Why did a Trump-backed GOP congressman lose in a Colo. primary?

Rep. Scott Tipton (R-Colo.) wasn't supposed to lose his primary race. It's worth taking a closer look at why he did.
Image: Colorado vote
Jeff McMahan, from left, leans against the ballot drop off box outside of the Pitkin County government building while his friend Nick Calderone votes for the presidential primaries on Super Tuesday, in Aspen, Colo. on March 3, 2020.Kelsey Brunner / The Aspen Times via AP
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By Steve Benen

When looking for incumbent members of Congress likely to lose in a primary, few had their eyes on Rep. Scott Tipton (R-Colo.). The five-term incumbent was endorsed by Donald Trump -- twice -- and he's voted with the Republican White House roughly 95% of the time. Tipton was also running against a political novice who had roughly one-tenth the amount of money in her campaign account as the longtime congressman.

And yet, to the surprise of many, Tipton lost anyway.

Colorado Republican Rep. Scott Tipton lost his primary Tuesday to Lauren Boebert, a gun rights activist who has also been associated with the far-right conspiracy theory known as QAnon. He's the fourth House member, and third Republican, to lose his party's support for another term this cycle.

Though the votes are still being tallied, as of this morning, Boebert leads Tipton by about 9 points, and the congressman has already conceded.

Any time an incumbent member of Congress is soundly defeated in a primary, it's a notable political development, but the results out of Colorado's 3rd district are striking for a variety of reasons.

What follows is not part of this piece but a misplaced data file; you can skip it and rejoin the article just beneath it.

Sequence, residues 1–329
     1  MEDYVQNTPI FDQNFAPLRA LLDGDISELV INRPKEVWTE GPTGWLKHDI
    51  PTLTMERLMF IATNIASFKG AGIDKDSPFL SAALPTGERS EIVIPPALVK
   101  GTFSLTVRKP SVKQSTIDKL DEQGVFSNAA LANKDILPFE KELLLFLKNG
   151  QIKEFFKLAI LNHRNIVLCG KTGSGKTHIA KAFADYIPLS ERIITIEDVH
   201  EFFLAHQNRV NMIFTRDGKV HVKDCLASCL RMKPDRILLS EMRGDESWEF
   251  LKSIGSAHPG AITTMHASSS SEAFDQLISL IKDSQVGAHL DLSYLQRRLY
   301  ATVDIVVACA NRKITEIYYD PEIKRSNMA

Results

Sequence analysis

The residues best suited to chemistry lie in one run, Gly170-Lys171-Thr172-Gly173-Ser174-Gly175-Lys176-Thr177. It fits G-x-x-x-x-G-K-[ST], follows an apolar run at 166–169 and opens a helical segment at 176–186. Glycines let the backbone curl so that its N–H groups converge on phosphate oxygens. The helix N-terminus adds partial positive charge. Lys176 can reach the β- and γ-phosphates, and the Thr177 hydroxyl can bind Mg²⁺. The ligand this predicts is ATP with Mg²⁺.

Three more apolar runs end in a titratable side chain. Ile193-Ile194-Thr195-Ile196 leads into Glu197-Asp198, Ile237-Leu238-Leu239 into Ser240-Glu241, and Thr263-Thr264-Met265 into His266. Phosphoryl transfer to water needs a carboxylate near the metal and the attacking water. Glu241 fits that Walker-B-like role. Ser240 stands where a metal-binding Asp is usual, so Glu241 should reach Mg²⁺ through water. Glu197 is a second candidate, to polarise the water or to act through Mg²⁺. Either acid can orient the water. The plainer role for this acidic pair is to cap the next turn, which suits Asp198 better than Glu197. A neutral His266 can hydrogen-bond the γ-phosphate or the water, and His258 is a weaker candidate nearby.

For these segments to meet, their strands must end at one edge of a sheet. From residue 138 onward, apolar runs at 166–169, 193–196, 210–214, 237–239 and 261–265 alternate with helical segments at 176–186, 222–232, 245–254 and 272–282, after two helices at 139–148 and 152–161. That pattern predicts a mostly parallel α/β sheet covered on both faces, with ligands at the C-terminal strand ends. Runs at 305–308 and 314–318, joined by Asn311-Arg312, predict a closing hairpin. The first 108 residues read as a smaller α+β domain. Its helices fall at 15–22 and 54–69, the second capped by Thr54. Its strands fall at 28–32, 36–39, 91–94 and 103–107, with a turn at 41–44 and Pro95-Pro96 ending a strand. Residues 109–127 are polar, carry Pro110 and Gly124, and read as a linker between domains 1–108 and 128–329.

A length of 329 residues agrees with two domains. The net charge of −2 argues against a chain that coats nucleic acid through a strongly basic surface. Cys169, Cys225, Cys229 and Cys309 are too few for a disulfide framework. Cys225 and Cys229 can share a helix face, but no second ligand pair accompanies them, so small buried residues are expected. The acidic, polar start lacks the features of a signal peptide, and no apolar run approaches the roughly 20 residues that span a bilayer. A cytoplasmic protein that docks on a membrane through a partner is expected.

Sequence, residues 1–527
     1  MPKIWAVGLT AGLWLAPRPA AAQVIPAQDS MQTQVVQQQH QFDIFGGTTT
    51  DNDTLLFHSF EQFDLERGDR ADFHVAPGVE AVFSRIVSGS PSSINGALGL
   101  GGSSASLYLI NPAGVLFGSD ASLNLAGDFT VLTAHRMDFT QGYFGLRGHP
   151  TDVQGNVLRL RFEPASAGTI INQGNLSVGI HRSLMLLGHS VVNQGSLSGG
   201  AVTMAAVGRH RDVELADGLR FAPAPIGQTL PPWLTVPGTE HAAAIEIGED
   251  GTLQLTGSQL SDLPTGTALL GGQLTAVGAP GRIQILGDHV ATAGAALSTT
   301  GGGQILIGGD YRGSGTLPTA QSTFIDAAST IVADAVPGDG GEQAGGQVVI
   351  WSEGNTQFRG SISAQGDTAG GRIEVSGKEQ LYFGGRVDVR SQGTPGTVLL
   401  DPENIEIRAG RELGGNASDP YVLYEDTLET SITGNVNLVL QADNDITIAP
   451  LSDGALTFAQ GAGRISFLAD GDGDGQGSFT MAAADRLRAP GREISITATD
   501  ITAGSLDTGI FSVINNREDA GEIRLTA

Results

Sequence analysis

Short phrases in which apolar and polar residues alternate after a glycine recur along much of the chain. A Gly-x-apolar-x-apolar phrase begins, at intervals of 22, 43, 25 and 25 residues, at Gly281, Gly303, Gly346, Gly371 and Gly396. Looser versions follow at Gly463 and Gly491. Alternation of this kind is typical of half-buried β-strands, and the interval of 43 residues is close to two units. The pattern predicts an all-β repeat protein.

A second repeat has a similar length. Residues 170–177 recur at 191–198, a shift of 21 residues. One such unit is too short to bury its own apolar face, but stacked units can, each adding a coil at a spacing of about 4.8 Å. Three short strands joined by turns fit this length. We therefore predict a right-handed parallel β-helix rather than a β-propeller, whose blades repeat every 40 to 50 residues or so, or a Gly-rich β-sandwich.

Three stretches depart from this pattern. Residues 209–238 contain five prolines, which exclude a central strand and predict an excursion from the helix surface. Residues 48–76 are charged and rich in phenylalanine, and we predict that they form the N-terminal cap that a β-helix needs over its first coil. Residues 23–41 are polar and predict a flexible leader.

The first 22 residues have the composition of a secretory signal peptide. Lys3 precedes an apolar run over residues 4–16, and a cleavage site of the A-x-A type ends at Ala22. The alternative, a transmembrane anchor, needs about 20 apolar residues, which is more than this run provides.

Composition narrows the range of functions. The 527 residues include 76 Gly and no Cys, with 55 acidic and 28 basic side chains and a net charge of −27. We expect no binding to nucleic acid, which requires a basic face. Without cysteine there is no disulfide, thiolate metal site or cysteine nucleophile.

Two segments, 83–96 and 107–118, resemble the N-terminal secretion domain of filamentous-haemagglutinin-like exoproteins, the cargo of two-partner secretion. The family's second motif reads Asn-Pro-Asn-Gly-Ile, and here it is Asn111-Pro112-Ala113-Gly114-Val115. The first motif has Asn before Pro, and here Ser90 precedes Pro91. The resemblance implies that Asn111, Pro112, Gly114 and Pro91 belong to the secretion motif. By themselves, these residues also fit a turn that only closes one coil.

For one thing, Donald Trump and his team invested quite a bit of energy in recent weeks bragging that in this year's election cycle, candidates backed by the president were undefeated. Over the last three weeks, however, GOP voters ignored Trump's wishes in four different congressional elections -- including two defeats for incumbent Republican congressman who enjoyed the president's support.

The White House was eager to use this talking point to reinforce impressions of Trump as a powerful and influential political leader, especially within his party. That argument is quickly evaporating.

Second, while it's striking that Tipton was rejected by his own party's local voters, it's just as striking to note to whom he lost: Lauren Boebert owns a restaurant in which the staff carries guns. She attacked the far-right Republican congressman as not being radical enough, and Boebert has expressed some interest in the crackpot QAnon conspiracy theory.

She also ran on an anti-compromise platform, recently declaring, "I'm tired of compromise and I believe that the American people are tired of compromise."

So, what happens now? Donald Trump has already begun scrambling to support Boebert, but on the other side of the aisle, Democratic officials, who had low expectations about this district, are suddenly giving the race a fresh look, since Boebert may be too extreme for the GOP-leaning area.

The district has a partisan voter index of R+6, which suggests any Republican nominee has an advantage, but not an overwhelming one. Democrats in the district yesterday nominated Diane Mitsch Bush, a former state representative, whose odds of success appear to have just improved.

Watch this space.